Abortion-rights groups have sued Arkansas over its ban on abortions after 18 weeks into pregnancy, arguing the measure is unconstitutional and calling for a judge to block it from going into effect this summer.
The American Civil Liberties Union and Planned Parenthood filed a lawsuit Wednesday against Arkansas state officials charging that the 18-week ban -- as well as laws that prohibit abortions targeting fetuses with Down syndrome and allow only certified obstetrician-gynecologists to perform abortions -- is unconstitutional.
The laws "fly directly in the face of longstanding Supreme Court precedent and are the latest in Arkansas's unrelenting campaign to deny women the health care they seek and to which they are entitled," the ACLU and Planned Parenthood write in the complaint.
The challenge comes as several of the laws coming out of red state legislatures restricting abortion are being taken to court, with the two organizations also challenging Alabama's near-total abortion ban. Many conservative lawmakers anticipated the suits, having advanced the measures in hopes of eventually overturning Roe v. Wade, the landmark 1973 Supreme Court ruling that legalized abortion nationwide.
The ACLU and Planned Parenthood have requested that US District Judge Kristine Baker, who is overseeing the Arkansas case, halt the laws from going into effect as scheduled on July 24.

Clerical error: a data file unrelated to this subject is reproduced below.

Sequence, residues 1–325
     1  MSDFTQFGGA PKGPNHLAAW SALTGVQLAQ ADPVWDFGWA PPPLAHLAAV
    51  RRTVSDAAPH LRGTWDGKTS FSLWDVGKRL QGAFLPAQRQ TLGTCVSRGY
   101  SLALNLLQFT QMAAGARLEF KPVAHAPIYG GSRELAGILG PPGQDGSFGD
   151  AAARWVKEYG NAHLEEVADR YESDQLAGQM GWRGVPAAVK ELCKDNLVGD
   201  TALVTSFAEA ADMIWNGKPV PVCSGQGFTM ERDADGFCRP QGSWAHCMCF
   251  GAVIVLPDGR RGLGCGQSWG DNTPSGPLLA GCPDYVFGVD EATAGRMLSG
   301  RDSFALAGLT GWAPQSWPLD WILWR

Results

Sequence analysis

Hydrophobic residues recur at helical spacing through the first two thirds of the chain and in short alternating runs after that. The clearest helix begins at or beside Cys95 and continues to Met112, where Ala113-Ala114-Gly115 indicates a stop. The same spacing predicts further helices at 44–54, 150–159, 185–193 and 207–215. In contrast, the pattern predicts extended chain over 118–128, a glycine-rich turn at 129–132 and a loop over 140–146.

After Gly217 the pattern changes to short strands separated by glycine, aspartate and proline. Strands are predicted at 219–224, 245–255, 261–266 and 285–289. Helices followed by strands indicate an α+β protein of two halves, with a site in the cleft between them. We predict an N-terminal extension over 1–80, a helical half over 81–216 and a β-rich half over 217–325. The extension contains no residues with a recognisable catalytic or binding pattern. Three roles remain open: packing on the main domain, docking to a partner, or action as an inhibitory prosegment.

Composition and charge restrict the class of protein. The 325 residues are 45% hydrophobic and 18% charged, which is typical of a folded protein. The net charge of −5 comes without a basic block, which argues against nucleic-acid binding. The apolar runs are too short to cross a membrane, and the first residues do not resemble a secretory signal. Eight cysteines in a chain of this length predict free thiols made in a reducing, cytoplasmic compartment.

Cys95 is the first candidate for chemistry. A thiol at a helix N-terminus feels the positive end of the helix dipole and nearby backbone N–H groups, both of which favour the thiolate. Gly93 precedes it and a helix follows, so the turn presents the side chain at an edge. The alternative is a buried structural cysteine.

"Without this relief, the Restrictions will have a devastating effect on women seeking to access abortion in the state," the ACLU and Planned Parenthood argue.
Republican Gov. Asa Hutchinson signed the measure in March. It bans abortions after 18 weeks into a pregnancy -- six weeks before the standard set by Roe -- except in medical emergencies and in cases of rape or incest.
The plaintiffs argue that hastening that deadline infringes on patients' constitutional rights to privacy.
"By imposing a ban on abortion prior to viability, the 18-Week Ban violates Plaintiffs' patients' right to privacy guaranteed by the Fourteenth Amendment to the United States Constitution," the ACLU and Planned Parenthood argue in the complaint.
The two groups filed the case on behalf of Little Rock Family Planning Services, Planned Parenthood Great Plains and two abortion providers against Arkansas officials, including Arkansas Attorney General Leslie Rutledge.
Rutledge told CNN in a statement, "I am reviewing the lawsuit filed to decide appropriate next steps. As Attorney General, it is my duty and honor to defend the sanctity of life and protect mothers and their unborn children."
Holly Dickson, the legal director of ACLU of Arkansas, said in a statement that "these dangerously extreme bans and restrictions are part of a nationwide effort to criminalize abortion, while punishing providers and shaming families seeking care."
"Personal medical decisions should be made by families in consultation with their health providers, not dictated by politicians trying to force people to remain pregnant against their will and against medical advice," she added. "Today, we're challenging three plainly unconstitutional laws that would completely outlaw abortions for many Arkansans and target health providers with restrictions that would push care even further out of reach."
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